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subjectSorption ; Bioavailability ; Dioxin ; Clay Mineral ; Soil Toxicology
description2,3,7,8‐Tetrachlorodibenzo‐‐dioxin (TCDD) is a highly toxic environmental contaminant found in soils and sediments. Because of its exceptionally low water solubility, this compound exists predominantly in the sorbed state in natural environments. Clay minerals, especially expandable smectite clays, are one of the major component geosorbents in soils and sediments that can function as an effective adsorbent for environmental dioxins, including TCDD. In this study, TCDD was intercalated in the smectite clay saponite by an incipient wetness method. The primary goal of this study was to intercalate TCDD in natural K‐saponite clay and evaluate its immunotoxic effects in vivo. The relative bioavailability of TCDD was evaluated by comparing the metabolic activity of TCDD administered in the adsorbed state as an intercalate in saponite and freely dissolved in corn oil. This comparison revealed nearly identical TCDD‐induced suppression of humoral immunity, a well‐established and sensitive sequela, in a mammalian (mouse) model. This result suggests that TCDD adsorbed by clays is likely to be available for biouptake and biodistribution in mammals, consistent with previous observations of TCDD in livestock exposed to dioxin‐contaminated ball clays that were used as feed additives. Adsorption of TCDD by clay minerals does not appear to mitigate risk associated with TCDD exposure substantially. Environ. Toxicol. Chem. 2011;30:2748–2755. © 2011 SETAC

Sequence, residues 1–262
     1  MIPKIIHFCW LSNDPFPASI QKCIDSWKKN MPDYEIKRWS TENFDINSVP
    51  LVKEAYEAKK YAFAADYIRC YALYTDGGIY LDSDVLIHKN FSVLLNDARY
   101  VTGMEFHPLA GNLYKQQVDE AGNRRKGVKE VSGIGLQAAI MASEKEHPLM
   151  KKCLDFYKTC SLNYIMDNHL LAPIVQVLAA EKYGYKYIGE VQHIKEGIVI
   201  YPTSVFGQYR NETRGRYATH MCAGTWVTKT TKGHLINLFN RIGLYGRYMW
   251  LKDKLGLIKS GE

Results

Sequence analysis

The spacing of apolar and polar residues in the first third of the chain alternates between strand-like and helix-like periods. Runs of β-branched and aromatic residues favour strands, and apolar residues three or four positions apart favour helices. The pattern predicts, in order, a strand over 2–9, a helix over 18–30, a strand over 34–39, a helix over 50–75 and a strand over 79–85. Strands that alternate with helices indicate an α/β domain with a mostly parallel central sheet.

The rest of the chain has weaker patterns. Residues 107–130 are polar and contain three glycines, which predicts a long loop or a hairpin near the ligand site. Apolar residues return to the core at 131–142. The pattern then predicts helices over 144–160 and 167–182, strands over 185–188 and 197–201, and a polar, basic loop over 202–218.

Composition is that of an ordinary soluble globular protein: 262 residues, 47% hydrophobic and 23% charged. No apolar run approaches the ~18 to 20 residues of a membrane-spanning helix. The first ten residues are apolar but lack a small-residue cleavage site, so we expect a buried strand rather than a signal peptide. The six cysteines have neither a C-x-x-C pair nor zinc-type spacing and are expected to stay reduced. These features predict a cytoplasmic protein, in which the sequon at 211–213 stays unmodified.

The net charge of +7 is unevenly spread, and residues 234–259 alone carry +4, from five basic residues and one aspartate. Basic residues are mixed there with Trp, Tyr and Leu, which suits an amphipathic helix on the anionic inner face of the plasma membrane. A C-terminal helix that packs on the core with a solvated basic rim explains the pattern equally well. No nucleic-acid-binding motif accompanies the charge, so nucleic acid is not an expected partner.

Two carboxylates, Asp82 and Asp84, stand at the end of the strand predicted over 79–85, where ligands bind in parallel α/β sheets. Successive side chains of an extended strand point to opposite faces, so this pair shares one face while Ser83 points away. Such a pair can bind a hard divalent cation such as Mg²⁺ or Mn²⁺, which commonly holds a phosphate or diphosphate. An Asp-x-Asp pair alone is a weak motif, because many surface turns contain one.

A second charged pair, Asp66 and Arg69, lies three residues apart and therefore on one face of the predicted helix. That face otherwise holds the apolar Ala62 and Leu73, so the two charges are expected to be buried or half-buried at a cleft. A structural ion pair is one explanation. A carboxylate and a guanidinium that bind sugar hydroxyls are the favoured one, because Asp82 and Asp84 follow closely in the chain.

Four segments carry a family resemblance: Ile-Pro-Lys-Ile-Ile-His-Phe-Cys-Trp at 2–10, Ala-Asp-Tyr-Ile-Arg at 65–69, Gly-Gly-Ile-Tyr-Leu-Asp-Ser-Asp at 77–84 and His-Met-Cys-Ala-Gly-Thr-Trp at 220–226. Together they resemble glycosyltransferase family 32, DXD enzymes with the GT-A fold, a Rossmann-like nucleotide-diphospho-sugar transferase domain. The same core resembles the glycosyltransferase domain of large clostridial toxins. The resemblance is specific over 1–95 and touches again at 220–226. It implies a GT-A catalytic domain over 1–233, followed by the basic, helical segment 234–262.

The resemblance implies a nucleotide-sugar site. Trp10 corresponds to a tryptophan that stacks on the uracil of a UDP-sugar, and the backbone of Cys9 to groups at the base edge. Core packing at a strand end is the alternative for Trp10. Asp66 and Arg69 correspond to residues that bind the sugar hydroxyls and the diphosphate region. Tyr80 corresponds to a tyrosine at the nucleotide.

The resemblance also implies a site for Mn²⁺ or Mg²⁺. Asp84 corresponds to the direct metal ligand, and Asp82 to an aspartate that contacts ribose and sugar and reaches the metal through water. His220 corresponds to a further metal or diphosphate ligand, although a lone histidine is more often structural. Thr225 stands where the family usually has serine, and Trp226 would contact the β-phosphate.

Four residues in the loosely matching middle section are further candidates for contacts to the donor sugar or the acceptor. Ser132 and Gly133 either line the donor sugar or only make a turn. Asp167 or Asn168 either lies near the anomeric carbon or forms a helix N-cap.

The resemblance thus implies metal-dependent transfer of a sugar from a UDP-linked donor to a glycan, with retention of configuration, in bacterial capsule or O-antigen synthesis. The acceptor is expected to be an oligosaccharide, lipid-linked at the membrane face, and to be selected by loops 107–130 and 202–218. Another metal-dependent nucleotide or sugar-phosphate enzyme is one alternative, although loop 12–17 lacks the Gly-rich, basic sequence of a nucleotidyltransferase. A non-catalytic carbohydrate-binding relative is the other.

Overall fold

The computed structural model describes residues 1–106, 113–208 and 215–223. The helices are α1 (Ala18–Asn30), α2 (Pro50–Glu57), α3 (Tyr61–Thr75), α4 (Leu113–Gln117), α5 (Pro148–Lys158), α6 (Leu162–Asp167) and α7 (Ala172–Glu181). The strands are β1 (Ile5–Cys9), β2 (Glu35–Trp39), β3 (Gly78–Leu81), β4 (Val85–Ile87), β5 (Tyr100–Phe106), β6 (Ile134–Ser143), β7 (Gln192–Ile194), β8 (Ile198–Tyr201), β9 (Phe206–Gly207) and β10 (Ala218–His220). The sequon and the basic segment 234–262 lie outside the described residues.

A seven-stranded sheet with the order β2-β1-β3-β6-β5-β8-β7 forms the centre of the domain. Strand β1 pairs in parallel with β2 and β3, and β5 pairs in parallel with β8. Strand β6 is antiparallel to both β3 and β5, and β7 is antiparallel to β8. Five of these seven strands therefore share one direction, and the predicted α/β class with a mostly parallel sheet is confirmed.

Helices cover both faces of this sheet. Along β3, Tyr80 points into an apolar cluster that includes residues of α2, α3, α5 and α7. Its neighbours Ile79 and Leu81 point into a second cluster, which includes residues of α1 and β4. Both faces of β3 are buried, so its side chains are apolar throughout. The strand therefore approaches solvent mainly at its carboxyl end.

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titleSuppression of humoral immune responses by 2,3,7,8‐tetrachlorodibenzo‐p‐dioxin intercalated in smectite clay